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Regulating religious intolerance

  • Alif Satria
    Alif Satria

    Assistant researcher at the Centre for Strategic and International Studies (CSIS)

Jakarta | Fri, January 27, 2017 | 12:50 pm
Regulating religious intolerance Muslim men shout "God is great" during a rally against Jakarta's Christian governor Basuki "Ahok" Tjahaja Purnama who is being prosecuted for blasphemy, at the National Monument in Jakarta, on Dec. 2. (AP/Dita Alangkara)

There is no doubt that Indonesia’s Muslim leanings have shifted to a more intolerant state from where they were 10 years ago. One needs only to see the recent turmoil to understand the gravity of this shift: the explicit acceptance of the Islam Defenders Front (FPI), the massive turnout at the divisive 4/11 and 2/12 rallies last year and the support by many for FPI leader Rizieq Shihab’s aggressive and demeaning description of Christians is a small sample of many indications.

But one needs to understand that this is not a big-bang phenomenon. Indonesia’s growing intolerance has been brewing for longer than one would want to recognize. We may recount that in 2008, the FPI burned down houses of Ahmadiyah followers, in 2009, the Bekasi government closed the HKBP Filadelfia church, in 2010, the Bogor government defied the Supreme Court’s decision to allow the establishment of the GKI Yasmin church and in 2012 Shia Muslims in Sampang, Madura, were relocated by force.

According to data from the National Violence Monitoring System (NVMS), there has been a constant upward trend of interand intra-religious conflict, starting as far back as 2004 (four cases in 2004, 27 in 2008, 101 in 2011 and 257 in 2014), most of which involved Muslims.

Undoubtedly, the politicization of divisive religious sentiment by opportunistic politicians and the lack of interfaith dialogue have significantly contributed to this shift. However, one needs to understand that such variables are only agent-variables incentivized to increase intolerance by a permissive system; and it is this system that lacks public scrutiny.

A key component of the system that bears responsibility for engineering a suitable climate for the fermentation of religious intolerance is the obsolete Blasphemy Law No. 1 of 1965, as well as Article 156a of the Criminal Code.

This Blasphemy Law is at the center of Indonesia’s rising religious intolerance, as it is a primary cog that has habituated a sense of intolerant religious entitlement. The core problem of this law lies in the fact that blasphemy has never been clearly defined.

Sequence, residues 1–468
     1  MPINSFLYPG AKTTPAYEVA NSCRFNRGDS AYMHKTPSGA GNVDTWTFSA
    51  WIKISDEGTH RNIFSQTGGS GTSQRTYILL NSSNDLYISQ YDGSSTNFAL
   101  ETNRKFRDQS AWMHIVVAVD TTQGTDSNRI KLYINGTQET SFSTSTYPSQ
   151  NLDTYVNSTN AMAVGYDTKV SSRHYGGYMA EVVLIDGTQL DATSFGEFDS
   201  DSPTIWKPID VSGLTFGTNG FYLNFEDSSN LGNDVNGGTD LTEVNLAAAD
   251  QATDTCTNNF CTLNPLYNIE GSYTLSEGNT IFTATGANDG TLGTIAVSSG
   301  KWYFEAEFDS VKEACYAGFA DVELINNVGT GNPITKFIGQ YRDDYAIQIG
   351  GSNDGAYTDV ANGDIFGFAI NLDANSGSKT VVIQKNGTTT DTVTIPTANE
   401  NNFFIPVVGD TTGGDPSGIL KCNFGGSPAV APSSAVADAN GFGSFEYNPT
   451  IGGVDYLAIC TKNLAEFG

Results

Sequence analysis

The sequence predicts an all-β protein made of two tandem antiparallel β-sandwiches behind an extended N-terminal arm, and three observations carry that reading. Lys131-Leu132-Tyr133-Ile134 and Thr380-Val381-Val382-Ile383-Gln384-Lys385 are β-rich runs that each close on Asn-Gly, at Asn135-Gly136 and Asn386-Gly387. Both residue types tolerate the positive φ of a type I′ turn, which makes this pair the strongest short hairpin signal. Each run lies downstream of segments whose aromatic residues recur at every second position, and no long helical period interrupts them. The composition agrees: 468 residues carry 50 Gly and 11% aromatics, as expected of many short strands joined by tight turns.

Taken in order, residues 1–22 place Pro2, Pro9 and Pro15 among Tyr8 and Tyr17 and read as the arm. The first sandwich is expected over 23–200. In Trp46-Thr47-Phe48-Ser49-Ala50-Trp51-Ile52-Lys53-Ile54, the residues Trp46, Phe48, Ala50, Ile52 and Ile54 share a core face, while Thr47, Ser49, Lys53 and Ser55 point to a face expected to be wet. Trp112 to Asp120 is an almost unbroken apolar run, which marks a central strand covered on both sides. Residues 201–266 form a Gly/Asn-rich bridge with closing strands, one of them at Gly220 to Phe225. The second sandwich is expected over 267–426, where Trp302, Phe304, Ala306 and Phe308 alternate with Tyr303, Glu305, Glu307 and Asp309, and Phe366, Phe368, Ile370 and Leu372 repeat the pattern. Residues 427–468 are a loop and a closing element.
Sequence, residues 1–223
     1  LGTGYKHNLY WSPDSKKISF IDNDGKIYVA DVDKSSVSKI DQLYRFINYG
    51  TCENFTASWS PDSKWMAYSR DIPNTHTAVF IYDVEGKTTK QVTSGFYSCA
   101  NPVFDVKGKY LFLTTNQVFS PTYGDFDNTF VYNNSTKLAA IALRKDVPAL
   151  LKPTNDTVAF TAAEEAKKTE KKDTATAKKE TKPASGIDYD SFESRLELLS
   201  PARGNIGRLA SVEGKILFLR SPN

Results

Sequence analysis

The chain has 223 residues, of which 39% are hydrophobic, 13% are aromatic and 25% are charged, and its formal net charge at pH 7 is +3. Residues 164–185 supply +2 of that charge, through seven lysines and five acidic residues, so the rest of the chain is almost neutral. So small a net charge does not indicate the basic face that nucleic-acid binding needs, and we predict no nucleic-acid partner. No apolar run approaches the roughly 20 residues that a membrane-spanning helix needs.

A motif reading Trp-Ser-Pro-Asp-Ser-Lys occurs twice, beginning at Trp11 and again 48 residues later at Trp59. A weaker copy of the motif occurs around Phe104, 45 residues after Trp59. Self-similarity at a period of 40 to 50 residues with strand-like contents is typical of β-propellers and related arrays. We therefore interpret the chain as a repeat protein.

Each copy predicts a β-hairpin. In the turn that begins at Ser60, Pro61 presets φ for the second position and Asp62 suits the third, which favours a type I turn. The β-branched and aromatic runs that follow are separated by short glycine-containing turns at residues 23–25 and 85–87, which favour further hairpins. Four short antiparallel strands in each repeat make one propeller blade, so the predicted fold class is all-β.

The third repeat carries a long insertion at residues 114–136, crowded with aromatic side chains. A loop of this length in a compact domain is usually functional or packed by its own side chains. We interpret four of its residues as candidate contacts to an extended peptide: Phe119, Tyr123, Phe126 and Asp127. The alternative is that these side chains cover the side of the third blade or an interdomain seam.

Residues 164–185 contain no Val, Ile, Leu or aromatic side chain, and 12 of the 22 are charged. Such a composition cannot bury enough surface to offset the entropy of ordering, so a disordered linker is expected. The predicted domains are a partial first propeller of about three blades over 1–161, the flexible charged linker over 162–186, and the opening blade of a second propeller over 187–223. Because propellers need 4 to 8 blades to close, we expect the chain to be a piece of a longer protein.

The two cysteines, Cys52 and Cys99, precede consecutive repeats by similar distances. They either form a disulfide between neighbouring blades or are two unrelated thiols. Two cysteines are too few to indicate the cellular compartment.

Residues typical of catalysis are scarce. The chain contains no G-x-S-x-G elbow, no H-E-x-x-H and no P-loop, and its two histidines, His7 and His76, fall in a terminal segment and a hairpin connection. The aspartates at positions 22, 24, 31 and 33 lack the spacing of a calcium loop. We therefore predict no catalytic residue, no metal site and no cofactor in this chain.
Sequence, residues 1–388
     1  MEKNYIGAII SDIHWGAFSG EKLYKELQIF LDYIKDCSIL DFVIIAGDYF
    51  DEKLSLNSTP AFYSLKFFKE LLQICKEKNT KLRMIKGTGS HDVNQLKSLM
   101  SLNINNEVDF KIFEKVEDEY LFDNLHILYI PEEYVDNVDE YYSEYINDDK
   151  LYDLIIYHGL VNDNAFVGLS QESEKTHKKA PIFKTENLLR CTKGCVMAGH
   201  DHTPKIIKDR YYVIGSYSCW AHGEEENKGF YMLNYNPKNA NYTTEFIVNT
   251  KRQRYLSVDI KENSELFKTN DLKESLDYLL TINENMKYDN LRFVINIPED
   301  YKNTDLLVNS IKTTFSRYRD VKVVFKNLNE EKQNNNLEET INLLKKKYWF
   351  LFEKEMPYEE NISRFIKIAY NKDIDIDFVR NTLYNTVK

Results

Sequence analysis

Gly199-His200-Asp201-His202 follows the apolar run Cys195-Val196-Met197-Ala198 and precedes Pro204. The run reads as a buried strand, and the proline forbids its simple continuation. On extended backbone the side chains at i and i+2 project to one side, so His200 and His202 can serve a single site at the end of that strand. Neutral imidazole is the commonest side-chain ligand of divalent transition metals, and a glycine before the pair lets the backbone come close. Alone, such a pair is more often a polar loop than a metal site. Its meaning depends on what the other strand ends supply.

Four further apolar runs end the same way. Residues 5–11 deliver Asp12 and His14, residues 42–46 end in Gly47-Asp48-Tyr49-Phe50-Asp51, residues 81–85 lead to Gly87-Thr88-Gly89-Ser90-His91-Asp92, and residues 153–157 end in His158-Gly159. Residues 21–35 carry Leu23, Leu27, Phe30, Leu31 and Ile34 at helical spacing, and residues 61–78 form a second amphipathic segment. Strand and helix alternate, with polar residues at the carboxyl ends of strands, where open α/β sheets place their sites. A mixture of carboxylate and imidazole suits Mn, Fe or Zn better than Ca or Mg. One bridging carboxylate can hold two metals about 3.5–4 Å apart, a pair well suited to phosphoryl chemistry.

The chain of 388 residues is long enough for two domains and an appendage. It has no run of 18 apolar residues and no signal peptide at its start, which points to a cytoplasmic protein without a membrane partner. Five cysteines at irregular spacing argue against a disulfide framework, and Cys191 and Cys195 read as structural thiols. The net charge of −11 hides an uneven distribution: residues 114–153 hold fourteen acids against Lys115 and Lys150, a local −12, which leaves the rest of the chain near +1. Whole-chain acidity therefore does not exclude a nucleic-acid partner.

In theory, the law allows anyone to criminalize others for anything he or she subjectively perceives as blasphemous based on his or her religion. In practice, courts will refer to prominent religious bodies like the Indonesian Ulema Council (MUI), which are supposed to be less subjective and fairer but turn out to lack public trust, hold the monopoly over Islamic interpretations and are biased toward the majority.

It is no wonder that at least 49 of the 73 blasphemy cases heard in courts since 1968 concerned sects and critical assessments of religion that have no intention to be blasphemous.

As a result of this vagueness, the socio-religious culture that is bred is a culture of subjective imposition giving majority religions the right to impose their will according to what they subjectively believe is right and prosecute what they subjectively believe is wrong. Discussions on whether or not such rights exist and how far they extend are subverted due to the fact that the existence and vagueness of the Blasphemy Law in effect already implies that such rights do exist and that their extent is endless. Though an important discussion on this matter did occur and was left open with the decision of the law’s judicial review in 2010 (the Constitutional Court voted to preserve the law but commented that “changes” needed to be made), nobody followed through.

It is this culture of rightful subjective imposition that, through the massive mobilization and politicization accompanying these trials, has been pervasively internalized and left unchecked within Indonesian religious cleavages. We should not forget that such mobilization and politicization has occurred frequently in these trials for a long time, be it regionally (i.e. mobilization by hard-line group FUI and politicization by Noer Tjahja in the Shia Sampang case) or nationally (i.e. mobilization by the FPI and the MUI along with the politicization by key politicians in the case of suspended Jakarta Governor Basuki “Ahok” Tjahaja Purnama).

As a result, religious communities are habituated to feel entitled over the absolution of their religious right; that there is no need for moderation and limitation. What this manifests in is the intolerant state of religion we see today: Mere commentary and criticism of alleged abuse of religious teachings is labeled as blasphemous and thus responded to by angry mobs. Such commentary or acts are not moderated to respect others.

To solve the problem of Indonesia’s intolerance we need to depoliticize religious sentiment and further discuss how religion should fit into Indonesia’s democracy, but before any of that can happen we need to scrutinize the permissive system that fuels a socio-religious culture that justifies these problems to begin with.

We need to take a hard look at our Blasphemy Law and discuss whether, as a society, we want to have a law that allows the imposition of a majority’s subjective religious right at the expense of others’ basic rights with little or no limitation, and a society whose culture of rightful subjective imposition is unchallenged and unmoderated. Hopefully, the answer is no.

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